New credit card fees may be passed on to consumers

Deciding between cash and credit is becoming more complicated this week. As of yesterday, merchants in 40 states can charge you more to swipe your card.

That’s because every time you pay by credit card, the store has to pay a fee. These vary from about 1.5 percent to much more for fancy rewards cards. Under a new rule, stores can pass that on to you. The change stems from a settlement last year that alleged price-fixing between the major credit card companies.

"“Consumers are the ones who lose,"” says Curtis Arnold, the founder of CardRatings.com. “"The retailer can pass on the fee but the likelihood of them reducing what they’'re charging for goods and services is historically pretty unlikely.”"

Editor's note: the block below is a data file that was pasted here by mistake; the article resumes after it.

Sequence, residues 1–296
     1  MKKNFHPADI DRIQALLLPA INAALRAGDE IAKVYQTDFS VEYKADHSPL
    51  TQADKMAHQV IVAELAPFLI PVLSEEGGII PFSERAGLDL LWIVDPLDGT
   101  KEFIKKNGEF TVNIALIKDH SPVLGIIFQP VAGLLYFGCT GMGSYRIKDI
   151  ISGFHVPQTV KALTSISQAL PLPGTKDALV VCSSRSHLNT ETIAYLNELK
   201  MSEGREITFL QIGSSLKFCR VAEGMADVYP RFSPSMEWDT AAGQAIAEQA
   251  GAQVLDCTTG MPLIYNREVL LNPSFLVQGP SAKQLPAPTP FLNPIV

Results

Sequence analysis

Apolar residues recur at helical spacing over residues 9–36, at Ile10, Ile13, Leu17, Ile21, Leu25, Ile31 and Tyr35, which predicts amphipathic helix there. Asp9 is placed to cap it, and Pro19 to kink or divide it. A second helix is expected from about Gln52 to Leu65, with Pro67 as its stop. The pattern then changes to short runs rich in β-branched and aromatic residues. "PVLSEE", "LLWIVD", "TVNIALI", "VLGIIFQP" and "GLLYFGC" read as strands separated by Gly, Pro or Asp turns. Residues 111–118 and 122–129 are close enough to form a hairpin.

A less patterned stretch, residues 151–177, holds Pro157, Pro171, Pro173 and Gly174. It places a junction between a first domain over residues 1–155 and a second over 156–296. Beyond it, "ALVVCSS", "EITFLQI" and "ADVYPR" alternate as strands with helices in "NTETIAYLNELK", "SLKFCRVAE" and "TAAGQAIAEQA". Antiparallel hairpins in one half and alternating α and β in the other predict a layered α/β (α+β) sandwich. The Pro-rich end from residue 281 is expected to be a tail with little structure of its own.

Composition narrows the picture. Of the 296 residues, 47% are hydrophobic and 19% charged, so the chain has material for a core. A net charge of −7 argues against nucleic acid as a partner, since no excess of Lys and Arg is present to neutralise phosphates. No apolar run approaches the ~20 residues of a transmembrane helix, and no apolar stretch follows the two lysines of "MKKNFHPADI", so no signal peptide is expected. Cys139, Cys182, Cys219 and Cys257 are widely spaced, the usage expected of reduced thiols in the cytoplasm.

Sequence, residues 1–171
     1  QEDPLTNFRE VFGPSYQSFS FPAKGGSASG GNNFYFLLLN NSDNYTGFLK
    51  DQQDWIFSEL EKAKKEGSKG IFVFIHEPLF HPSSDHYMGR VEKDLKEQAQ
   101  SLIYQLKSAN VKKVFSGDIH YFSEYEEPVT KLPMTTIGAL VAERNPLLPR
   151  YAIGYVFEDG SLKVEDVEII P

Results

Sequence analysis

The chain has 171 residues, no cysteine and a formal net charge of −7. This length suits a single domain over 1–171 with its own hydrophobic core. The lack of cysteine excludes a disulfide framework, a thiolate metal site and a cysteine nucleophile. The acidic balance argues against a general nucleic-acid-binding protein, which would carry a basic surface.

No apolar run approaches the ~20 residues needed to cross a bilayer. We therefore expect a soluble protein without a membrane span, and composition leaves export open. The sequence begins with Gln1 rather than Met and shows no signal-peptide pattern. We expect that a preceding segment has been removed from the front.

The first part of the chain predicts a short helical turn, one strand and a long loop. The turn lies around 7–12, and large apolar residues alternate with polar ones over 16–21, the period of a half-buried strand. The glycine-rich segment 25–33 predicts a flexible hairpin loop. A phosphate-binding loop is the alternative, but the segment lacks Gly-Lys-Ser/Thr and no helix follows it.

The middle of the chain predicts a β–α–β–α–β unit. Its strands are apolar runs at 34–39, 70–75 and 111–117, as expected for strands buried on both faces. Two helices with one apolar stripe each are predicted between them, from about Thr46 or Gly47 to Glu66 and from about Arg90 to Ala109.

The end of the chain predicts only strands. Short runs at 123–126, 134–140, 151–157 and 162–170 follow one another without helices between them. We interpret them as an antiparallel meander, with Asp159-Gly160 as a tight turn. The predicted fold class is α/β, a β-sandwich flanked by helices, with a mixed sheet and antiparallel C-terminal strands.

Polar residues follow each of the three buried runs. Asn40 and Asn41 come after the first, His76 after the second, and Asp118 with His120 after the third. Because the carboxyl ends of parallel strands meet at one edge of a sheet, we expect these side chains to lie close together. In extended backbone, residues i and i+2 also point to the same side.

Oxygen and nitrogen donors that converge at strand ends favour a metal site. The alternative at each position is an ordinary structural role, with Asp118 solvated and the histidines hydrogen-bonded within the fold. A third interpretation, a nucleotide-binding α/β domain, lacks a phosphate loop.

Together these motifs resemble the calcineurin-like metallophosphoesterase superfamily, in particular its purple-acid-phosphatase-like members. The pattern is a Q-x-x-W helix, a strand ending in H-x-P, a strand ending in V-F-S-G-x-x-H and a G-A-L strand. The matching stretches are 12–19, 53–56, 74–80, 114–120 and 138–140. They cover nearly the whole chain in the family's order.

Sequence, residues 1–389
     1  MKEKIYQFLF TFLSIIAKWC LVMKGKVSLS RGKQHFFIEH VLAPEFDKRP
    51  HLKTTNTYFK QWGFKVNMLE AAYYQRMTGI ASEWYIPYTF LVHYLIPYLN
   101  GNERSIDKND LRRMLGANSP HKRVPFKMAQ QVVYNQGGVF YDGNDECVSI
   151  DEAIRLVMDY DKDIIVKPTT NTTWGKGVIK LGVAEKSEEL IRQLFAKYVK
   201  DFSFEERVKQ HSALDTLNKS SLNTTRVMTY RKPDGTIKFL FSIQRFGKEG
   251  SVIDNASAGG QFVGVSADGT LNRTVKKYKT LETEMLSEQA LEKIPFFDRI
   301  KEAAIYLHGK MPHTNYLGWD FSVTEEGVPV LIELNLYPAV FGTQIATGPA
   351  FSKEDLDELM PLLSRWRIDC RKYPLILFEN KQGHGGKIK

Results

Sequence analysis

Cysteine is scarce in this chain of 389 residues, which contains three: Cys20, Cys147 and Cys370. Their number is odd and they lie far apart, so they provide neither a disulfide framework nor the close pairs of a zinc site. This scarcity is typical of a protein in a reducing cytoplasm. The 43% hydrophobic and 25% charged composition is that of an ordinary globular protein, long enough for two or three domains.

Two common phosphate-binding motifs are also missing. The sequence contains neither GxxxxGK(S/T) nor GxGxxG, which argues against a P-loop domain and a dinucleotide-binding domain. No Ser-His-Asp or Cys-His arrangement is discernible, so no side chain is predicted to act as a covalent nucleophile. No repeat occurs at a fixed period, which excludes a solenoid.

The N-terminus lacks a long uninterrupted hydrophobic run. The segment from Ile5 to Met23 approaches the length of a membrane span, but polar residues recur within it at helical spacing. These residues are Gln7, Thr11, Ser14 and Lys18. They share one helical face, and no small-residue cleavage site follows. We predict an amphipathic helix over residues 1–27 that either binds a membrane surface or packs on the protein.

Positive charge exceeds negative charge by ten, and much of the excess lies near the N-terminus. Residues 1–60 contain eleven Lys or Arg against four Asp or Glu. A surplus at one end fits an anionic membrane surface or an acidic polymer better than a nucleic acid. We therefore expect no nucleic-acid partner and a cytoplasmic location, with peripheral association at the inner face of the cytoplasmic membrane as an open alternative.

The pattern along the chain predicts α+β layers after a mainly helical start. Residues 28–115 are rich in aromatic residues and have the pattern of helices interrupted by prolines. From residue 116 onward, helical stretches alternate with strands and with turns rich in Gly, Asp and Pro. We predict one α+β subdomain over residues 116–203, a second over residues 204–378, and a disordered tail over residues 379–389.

Despite the rule, experts don'’t expect many retailers to tack on the surcharge.

"“Small business are really terrified that they’ll discourage customers,"” says Nancy Folbre, an economics professor at UMass Amherst.

“And in today’'s economic climate, that’'s the last thing they want to do.”

It’'s small businesses that generally feel the most pain from these so-called swipe fees, making them less competitive, whether they pass on the fee or not.

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